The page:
Architecture critic Alexandra Lange recently stumbled upon “On Architecture” – an Audible.com collection of over 16 hours of ’s best writings from the Times, Review of Books, the Wall Street Journal and more. Displeased with the narration, Lange has taken it upon herself to read Huxtable’s 1971 Times critique “A Look at the Kennedy Center” in honor of its “many famous witticisms.” Give it a listen, here.

Why Spaces Shouldn’t Be Described as “Masculine” or “Feminine”

The interior design of bedrooms is often described as “feminine”. Image © robinimages2013 via Shutterstock

What is the most misused word in the world of architectural writing? Could it be “iconic”? What about “innovative”? The staff over at Curbed have a nomination: referring to spaces as either “masculine” or ”feminine.” In an op-ed published last month, they write that “the people who write about decor and design need to stop describing spaces with gendered terms,” arguing: “Let’s say two spaces were written up in a decor blog, and one was described as masculine, and the other feminine. Which would have white walls? Which would have raw concrete floors? … If these have fairly easy answers, it’s because we’re in the realm of stereotype.”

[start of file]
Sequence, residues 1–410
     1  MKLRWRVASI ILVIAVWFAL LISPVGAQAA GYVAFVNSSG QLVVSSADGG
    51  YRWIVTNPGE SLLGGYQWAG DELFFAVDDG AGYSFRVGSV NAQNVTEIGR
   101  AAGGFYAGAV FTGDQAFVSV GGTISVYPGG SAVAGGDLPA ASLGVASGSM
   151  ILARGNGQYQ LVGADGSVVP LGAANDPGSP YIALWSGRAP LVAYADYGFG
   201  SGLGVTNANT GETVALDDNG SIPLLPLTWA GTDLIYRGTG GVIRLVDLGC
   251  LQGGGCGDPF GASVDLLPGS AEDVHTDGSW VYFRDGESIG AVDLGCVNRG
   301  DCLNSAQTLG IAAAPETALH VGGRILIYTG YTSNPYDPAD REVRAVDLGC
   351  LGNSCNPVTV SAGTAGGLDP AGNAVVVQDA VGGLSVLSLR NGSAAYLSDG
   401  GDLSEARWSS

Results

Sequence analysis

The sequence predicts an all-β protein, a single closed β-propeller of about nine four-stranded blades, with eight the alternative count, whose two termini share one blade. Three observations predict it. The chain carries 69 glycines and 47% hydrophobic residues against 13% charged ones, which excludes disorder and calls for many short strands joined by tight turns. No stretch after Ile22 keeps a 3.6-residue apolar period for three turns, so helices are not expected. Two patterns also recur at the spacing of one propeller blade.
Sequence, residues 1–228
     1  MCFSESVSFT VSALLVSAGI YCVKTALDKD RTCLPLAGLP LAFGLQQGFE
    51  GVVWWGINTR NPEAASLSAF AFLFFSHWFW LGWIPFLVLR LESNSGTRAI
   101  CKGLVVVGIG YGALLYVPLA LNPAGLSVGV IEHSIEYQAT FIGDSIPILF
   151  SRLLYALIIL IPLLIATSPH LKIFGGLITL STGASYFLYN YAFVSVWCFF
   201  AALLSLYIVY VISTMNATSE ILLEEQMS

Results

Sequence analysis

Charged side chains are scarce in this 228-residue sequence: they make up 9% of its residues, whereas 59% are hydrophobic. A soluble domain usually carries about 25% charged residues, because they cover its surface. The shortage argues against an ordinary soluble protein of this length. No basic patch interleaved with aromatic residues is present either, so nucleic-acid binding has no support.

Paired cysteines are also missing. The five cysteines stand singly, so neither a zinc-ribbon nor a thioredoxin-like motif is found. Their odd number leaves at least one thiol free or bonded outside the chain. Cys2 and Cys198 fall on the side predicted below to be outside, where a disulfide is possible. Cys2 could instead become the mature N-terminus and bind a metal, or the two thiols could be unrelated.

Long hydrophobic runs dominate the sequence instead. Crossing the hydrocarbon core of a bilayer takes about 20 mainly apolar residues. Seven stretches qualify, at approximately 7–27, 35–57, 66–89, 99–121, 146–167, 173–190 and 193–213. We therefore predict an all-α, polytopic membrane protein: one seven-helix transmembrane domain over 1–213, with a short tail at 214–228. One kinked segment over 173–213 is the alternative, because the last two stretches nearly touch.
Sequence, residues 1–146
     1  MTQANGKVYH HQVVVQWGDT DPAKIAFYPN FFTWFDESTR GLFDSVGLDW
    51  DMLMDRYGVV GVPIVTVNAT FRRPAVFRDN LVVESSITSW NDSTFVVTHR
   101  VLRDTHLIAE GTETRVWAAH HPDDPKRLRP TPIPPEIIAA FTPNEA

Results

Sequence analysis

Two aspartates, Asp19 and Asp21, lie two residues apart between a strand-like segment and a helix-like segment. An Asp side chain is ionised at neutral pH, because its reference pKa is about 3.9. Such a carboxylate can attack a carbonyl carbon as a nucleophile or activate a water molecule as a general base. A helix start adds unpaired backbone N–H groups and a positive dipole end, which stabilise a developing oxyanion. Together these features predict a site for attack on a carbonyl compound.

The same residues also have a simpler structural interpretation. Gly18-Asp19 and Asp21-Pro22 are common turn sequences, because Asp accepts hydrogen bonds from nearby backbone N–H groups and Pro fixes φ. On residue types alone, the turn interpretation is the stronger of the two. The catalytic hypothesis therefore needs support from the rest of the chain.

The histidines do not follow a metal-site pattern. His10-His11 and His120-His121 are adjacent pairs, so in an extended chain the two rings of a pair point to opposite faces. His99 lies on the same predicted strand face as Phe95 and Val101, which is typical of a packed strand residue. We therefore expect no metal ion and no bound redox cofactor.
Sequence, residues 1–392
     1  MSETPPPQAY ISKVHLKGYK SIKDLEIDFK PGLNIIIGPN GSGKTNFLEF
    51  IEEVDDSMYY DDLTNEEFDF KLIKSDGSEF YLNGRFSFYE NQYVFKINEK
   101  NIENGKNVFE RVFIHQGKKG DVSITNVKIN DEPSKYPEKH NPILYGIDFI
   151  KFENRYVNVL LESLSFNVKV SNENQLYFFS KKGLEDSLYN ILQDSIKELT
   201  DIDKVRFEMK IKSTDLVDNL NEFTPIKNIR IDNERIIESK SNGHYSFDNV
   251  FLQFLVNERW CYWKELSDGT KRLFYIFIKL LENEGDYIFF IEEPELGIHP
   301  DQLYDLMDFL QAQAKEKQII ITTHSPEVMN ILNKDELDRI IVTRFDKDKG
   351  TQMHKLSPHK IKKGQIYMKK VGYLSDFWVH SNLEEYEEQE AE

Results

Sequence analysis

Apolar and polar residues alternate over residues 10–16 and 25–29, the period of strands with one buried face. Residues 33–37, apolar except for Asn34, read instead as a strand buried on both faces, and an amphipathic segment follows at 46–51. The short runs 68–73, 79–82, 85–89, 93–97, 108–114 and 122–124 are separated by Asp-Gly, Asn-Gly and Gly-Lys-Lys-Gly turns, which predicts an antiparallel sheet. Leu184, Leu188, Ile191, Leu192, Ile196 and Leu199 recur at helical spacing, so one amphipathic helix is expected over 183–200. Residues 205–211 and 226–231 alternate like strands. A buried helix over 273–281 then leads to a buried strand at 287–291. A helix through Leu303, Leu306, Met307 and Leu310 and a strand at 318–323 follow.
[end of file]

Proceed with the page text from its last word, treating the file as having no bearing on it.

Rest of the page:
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“Juxtaposition” Challenges Designers to Envision Hip Hop-Inspired Building Forms

© Juxtaposition

What happens at the intersection of urban culture and architecture? How can the four elements of hip hop (DJing, MCing, Breaking and Graffiti) inspire the built environment? Participants of JUX.TA.PO.SI.TION are encouraged to create a sketch using mediums of their choice to depict new building forms, urban design concepts, and/or architectural products inspired by the four foundational elements of hip hop. This international is open to all individuals including students, graffiti artists, architects, urban planners, landscape architects, graphic designers, muralists, etc. You can complete the free registration form and find more information, here.

A Day at Stanford With Rem Koolhaas

Courtesy of Strelka Institute for Media, Architecture, and Design, via Flickr